ADAPT­ING TO CG

With Paul Ver­ho­even’s 1997 space satire Star­ship Troop­ers, Tip­pett and his stu­dio showed their dig­i­tal wares, to dra­matic ef­fect

3D Artist - - THE HUB -

In the mid-nineties, Tip­pett Stu­dio sud­denly went from a stop-mo­tion stu­dio to a CG an­i­ma­tion stu­dio, and it was Star­ship Troop­ers that her­alded their ar­rival. The bug-filled block­buster seemed per­fect for Phil Tip­pett’s ap­petite of hard-core crea­ture an­i­ma­tion. Aided by fel­low vis­ual ef­fects su­per­vi­sor Craig Hayes, who had also had a hand in steer­ing the stu­dio dur­ing the Juras­sic Park tran­si­tion, Tip­pett di­rected his an­i­ma­tors into a new wave of vis­ual ef­fects. The stu­dio’s ‘Dig­i­tal In­put De­vice’ – a metal ar­ma­ture that fed stop mo­tion-like move­ments to a CG model – and CG soft­ware such as Sof­tim­age, en­abled the stu­dio to cre­ate a host of mem­o­rable crea­tures.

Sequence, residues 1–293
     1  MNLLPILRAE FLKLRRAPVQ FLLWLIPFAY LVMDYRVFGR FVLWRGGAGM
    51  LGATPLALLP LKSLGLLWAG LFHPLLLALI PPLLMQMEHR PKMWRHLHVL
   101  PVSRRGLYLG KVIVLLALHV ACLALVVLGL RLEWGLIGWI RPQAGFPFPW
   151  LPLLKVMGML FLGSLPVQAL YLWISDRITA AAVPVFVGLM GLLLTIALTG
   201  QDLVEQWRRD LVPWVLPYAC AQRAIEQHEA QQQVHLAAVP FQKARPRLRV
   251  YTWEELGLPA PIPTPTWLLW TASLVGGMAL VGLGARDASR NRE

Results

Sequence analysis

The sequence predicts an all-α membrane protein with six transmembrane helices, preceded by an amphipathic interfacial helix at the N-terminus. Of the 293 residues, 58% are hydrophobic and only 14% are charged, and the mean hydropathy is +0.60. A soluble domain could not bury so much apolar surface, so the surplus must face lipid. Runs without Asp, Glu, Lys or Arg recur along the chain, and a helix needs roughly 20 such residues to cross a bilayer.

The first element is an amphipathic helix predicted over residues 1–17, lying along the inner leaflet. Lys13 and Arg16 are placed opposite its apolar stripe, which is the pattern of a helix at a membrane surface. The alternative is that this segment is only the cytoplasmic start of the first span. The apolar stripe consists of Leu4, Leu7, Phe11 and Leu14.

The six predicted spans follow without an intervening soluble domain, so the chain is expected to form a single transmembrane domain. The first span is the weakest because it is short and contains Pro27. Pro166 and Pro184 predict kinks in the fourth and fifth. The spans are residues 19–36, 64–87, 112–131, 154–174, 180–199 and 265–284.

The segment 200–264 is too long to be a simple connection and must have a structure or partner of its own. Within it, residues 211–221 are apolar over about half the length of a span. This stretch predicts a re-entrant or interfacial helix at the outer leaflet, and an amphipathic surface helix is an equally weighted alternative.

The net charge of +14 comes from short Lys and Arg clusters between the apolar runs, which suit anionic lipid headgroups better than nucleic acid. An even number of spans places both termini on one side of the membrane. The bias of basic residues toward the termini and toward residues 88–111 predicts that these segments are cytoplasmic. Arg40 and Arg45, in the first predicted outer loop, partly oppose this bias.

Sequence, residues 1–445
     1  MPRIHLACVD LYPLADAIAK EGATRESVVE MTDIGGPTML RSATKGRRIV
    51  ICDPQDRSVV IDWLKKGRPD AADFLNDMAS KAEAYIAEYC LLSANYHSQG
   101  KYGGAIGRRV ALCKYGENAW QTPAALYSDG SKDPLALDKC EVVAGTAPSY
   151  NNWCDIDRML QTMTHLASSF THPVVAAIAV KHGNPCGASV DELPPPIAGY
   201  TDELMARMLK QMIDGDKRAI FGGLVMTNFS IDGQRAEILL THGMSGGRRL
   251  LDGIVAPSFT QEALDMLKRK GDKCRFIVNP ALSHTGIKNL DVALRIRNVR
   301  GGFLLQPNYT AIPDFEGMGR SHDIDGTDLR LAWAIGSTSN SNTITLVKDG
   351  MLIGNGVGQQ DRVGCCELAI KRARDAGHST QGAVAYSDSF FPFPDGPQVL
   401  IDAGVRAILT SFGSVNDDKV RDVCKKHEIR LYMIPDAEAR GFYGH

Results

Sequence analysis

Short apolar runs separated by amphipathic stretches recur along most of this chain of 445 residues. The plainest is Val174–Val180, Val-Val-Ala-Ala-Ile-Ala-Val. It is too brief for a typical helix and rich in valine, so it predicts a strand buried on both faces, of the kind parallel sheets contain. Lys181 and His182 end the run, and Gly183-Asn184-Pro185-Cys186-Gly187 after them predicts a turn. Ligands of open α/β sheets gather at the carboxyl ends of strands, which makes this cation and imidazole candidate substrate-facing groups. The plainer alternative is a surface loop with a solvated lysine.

On Star­ship Troop­ers, di­rec­tor Paul Ver­ho­even re­ally liked strong stac­cato move­ments, so just in terms of chore­og­ra­phy we were to­tally on the same page

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